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We Call Them Dune Buggies
The Beach Buggy is a very easy Metal Earth model with just six unique pieces on one sheet of metal. All of the instructions fit in one picture. A shrunken-down picture of the instructions is provided here so you can see what you're getting into.
Each Metal Earth model is laser etched in meticulous detail on one, two, or three 11 cm (4.33") metal sheets. Pop out the pieces by hand (or use wire cutters to get especially crisp lines), bend the tabs using needle-nose pliers, and fit them together as shown in the simple pictorial instructions. Metal Earth models are a little less challenging than our 3D wooden puzzles, but you do need some patience and dexterity because they're also much smaller. For maximum dramatic effect, display your model on the LED Display Base or the Solar Spinner (sold separately, see the Related Products tab).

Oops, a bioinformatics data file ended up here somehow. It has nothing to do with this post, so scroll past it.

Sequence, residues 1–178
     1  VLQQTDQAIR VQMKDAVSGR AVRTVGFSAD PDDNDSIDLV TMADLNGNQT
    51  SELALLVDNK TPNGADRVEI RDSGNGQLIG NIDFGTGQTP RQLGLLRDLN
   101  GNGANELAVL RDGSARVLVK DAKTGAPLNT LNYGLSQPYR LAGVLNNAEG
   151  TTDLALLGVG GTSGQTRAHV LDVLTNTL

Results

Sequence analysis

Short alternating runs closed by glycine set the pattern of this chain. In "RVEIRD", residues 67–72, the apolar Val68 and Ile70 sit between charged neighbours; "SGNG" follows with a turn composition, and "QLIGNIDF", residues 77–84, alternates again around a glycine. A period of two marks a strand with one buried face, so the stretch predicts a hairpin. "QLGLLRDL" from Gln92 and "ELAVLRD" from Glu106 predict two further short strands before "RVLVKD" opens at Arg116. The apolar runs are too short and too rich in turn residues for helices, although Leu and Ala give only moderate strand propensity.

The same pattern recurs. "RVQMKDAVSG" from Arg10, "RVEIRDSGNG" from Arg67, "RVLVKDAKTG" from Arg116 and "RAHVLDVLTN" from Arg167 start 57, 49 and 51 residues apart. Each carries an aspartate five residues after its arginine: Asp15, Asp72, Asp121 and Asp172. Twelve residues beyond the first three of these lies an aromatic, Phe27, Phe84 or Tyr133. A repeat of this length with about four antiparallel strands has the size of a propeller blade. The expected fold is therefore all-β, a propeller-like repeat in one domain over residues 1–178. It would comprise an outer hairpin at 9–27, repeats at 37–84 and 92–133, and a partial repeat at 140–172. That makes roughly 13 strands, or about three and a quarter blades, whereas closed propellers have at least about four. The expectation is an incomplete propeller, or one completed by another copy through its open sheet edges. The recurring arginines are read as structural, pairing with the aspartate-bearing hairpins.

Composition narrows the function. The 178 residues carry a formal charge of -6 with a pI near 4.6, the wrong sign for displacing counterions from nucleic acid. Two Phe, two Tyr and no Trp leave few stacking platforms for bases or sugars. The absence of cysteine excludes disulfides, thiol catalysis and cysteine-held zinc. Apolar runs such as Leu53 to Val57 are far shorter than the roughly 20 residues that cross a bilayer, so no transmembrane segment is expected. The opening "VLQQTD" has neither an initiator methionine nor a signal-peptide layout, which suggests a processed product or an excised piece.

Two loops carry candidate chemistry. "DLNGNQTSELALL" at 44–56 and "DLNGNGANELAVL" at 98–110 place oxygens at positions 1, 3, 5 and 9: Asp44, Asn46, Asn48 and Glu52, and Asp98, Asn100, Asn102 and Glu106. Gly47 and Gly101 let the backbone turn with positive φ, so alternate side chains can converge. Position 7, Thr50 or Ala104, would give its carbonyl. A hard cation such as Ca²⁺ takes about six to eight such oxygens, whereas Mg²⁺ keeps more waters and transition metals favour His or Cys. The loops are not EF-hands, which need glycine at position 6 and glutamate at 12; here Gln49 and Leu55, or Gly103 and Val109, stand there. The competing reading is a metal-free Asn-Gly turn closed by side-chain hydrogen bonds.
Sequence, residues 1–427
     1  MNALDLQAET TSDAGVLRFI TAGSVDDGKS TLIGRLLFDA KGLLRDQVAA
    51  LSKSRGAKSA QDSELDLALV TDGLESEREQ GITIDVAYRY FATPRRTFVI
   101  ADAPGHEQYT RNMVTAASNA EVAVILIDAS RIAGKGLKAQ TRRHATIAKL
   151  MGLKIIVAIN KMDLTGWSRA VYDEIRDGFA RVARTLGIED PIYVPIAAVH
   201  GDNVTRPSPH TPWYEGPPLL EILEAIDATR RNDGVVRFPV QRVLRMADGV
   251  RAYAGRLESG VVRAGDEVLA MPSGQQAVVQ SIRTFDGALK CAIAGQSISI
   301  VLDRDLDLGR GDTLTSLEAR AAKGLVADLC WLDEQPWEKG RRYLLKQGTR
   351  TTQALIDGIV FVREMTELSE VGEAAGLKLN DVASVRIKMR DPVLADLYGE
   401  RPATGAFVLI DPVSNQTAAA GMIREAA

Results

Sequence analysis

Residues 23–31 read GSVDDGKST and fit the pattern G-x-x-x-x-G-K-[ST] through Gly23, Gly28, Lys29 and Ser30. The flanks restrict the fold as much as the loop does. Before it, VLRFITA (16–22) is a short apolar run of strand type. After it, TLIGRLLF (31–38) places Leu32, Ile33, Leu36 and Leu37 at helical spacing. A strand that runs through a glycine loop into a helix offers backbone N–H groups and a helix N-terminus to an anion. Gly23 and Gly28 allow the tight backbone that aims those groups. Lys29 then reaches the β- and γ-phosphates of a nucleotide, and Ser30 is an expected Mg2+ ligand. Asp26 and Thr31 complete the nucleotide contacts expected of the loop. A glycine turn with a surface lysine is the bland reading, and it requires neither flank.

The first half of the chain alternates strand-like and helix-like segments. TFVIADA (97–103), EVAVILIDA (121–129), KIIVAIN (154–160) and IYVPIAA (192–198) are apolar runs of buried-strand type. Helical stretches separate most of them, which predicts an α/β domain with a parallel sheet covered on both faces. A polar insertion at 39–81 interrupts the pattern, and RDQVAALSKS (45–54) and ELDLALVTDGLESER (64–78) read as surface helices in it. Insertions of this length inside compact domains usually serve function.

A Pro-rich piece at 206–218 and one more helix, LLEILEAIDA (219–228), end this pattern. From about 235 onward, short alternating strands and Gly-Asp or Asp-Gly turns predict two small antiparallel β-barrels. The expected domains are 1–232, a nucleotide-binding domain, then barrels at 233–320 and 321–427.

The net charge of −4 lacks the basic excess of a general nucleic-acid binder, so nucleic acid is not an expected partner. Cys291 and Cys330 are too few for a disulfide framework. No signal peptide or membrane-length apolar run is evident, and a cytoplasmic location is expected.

Please note that Metal Earth models have sharp edges and are not suitable for children under 14.
Are you curious...?
They're beach buggies in the UK and much of the English-speaking world, but we call them dune buggies in the US. They typically have large, wide wheels that can cope with sand, an open chasis to reduce weight, and a rear-mounted engine to concentrate weight over the drive wheels. Dune buggies are mostly homemade. Post-1961 VW Beetles are a favorite "donor car" thanks to their air-cooled, rear-mounted engines. Strip off the body, enlarge the wheels, and your Bug is an instant buggie. Dune buggies can also be converted from just about any old rear-wheel drive car, built from scratch with a tubular frame, or built from a kit. You can recognize kit cars by their sleek fiberglass bodies.
The US military has its own take on dune buggies, called Light Strike Vehicles (LSV) and used by US Navy SEALS and other forces. Chenowith Racing Products of San Diego builds LSVs exclusively for government use.